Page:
Can you feel the rumbling of a society reassessing its beliefs about the power and value of its young people…?

Thursday’s election saw an incredible surge in the number of 18-24s turning up to vote – 74% according to the latest figures.

It makes for a powerful awakening. But is it a surprise?

Anyone who’s spent real time with young people in the last year (so not most politicians or media pundits then…) will know that the ingredients were here all along.

We are the most connected generation in history, and we care deeply about the world we are inheriting: according to Deloitte 84% of millennials consider it their duty to make the world a better place.

Give us respect, resources, and something hopeful – not just to believe in, but be part of – and the game is on.

No matter what you think of Corbyn’s policies, it’s clear that the message of the Labour campaign – focusing on social equality and diversity – has struck a chord with a demographic that is tired of division and hungry for something hopeful. Combined with mass organising strategies focused on nurturing activists instead of passive supporters, diverse young people across the country have found a vehicle to play a pivotal role in the political process.

It’s a role they should have been playing all along, and not just in a party political context. It would be great to see this as a starting point for all parties wishing to reach out directly to young people - as the huge diversity of ideas and issues they care about can’t be neatly reduced to any one party manifesto.

At RECLAIM I have the privilege of working with young(er) people from working class communities around Manchester on their Team Future campaign to make politics work for young people.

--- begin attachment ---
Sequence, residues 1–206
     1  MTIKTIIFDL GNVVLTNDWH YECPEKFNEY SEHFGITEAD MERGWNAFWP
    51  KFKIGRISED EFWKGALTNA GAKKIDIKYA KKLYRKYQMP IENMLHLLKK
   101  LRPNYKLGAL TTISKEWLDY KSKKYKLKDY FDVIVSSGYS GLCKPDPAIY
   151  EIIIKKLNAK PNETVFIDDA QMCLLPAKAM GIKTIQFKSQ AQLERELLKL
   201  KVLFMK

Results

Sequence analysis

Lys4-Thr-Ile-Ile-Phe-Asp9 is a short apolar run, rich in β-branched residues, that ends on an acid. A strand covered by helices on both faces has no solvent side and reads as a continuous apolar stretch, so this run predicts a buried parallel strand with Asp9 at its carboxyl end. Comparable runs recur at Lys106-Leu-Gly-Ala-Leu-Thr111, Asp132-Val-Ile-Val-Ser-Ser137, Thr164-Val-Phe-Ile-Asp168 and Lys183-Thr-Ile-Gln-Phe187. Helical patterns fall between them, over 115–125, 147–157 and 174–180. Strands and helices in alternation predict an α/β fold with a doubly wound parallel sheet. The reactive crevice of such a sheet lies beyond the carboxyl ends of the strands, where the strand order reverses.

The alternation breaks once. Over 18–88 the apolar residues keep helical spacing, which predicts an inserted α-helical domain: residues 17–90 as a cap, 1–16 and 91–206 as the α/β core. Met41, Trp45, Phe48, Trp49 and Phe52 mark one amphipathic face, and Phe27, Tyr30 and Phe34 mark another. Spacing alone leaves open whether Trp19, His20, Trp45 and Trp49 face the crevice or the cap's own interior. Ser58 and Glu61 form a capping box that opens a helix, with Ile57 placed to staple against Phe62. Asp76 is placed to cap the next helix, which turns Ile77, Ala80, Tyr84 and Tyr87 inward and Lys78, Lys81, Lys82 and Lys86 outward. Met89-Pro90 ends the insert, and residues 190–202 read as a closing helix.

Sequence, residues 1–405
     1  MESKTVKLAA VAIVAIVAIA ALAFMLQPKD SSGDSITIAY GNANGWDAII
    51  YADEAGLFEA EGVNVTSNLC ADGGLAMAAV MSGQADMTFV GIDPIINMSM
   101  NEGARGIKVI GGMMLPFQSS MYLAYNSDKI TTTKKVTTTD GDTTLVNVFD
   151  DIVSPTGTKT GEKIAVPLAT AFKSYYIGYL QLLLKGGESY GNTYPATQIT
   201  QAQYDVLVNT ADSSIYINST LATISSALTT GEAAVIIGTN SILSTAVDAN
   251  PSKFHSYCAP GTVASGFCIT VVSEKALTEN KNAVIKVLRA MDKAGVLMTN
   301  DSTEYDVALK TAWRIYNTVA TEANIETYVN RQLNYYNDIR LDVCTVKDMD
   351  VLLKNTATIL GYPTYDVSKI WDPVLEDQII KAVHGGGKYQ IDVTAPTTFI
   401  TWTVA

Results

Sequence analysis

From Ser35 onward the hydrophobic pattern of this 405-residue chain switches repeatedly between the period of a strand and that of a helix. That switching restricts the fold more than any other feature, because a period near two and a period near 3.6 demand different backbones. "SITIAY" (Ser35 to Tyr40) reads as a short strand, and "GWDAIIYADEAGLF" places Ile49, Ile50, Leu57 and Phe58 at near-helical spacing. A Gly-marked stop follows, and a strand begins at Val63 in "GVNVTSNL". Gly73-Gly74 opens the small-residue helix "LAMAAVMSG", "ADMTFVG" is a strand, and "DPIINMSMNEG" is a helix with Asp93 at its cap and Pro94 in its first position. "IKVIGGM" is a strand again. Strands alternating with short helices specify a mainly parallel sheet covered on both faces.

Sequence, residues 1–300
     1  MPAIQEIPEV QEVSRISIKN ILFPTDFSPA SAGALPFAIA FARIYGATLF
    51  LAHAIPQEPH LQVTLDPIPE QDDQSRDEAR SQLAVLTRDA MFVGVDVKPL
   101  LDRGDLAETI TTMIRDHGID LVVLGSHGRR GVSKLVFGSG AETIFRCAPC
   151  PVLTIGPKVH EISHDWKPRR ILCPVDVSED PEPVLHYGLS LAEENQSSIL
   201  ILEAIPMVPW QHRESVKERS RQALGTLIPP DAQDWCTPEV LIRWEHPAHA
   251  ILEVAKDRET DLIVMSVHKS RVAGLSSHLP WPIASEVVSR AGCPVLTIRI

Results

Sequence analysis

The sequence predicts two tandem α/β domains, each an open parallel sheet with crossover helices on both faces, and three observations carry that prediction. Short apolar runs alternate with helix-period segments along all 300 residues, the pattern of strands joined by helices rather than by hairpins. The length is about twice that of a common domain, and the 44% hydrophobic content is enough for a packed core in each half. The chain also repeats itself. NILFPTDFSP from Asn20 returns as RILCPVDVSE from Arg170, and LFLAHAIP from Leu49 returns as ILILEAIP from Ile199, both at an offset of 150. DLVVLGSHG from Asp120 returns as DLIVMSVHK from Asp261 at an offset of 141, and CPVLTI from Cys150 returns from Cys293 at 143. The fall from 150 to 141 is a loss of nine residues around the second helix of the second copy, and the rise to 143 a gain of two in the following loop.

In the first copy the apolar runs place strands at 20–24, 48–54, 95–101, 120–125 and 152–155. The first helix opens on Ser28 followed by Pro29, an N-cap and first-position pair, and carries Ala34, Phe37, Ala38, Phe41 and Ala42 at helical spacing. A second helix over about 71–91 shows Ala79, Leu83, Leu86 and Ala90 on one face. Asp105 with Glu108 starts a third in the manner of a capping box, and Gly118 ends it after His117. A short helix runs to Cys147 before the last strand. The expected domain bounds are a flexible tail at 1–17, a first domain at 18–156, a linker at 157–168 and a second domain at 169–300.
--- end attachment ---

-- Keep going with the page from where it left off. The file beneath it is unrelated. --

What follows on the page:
Though many are not even old enough to vote, they already have the lived experiences, ideas and perspectives that should enrich decisions about how our country is run. How many of today’s frontbenchers came from classrooms where up to 7 of 30 children are growing up under the poverty line?

The young people I work with know they are among a minority of young people who feel that they can speak their mind. When the group surveyed 4000 young people on what they wanted from politicians, “I don’t know about that” was a common initial reaction... often quickly followed by something astute on representation, integrity and approachability.  (Check out the manifesto they made off the back of their survey here.)

An article in today’s Times voiced the dangerous, unspoken, and pervasive attitude that young people, in all their youthful idealism, are too naïve to contribute responsibly to democracy. 

But let’s be real: if political naivety is the enemy, then we have bigger fish to fry in older age groups. Would the author also condone stripping the vote away from the swathes of older voters in this country who build their political views on prejudice, a rose-tinted view of 'our glorious past' and tabloid headlines?

The dark heart of the matter is that, deep down, the powers that be don’t WANT young people speaking their mind, to prop up the status quo.

Young people, with few spaces to discuss politics and the world around them, feel cut out of power and have in the past responded in kind - by dismissing those who dismiss them.

Democracy only works when everyone has the information, the motivation and the means to take part. The longer our schools, media, and political system fails to provide the foundations, through real critical education and meaningful inclusion in decision making, the frailer the system will grow. 

The amazing youth turnout on Thursday has brought us huge hope. But 74% is just the start. Team Future are out to take on the structures that stop too many young people country wide from discovering their true power as disruptive leaders and political agents. And we all stand to win from their mission.